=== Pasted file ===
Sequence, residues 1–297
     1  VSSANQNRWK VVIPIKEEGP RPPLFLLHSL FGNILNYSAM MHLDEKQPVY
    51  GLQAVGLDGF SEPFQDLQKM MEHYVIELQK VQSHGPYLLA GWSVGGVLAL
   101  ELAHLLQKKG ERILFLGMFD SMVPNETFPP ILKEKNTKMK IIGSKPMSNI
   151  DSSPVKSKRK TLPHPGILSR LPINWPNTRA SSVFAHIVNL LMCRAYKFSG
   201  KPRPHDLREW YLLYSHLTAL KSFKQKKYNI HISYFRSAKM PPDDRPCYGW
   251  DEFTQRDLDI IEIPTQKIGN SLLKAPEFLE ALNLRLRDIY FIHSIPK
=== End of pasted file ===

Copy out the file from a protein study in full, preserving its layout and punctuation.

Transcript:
Sequence, residues 1–297
     1  VSSANQNRWK VVIPIKEEGP RPPLFLLHSL FGNILNYSAM MHLDEKQPVY
    51  GLQAVGLDGF SEPFQDLQKM MEHYVIELQK VQSHGPYLLA GWSVGGVLAL
   101  ELAHLLQKKG ERILFLGMFD SMVPNETFPP ILKEKNTKMK IIGSKPMSNI
   151  DSSPVKSKRK TLPHPGILSR LPINWPNTRA SSVFAHIVNL LMCRAYKFSG
   201  KPRPHDLREW YLLYSHLTAL KSFKQKKYNI HISYFRSAKM PPDDRPCYGW
   251  DEFTQRDLDI IEIPTQKIGN SLLKAPEFLE ALNLRLRDIY FIHSIPK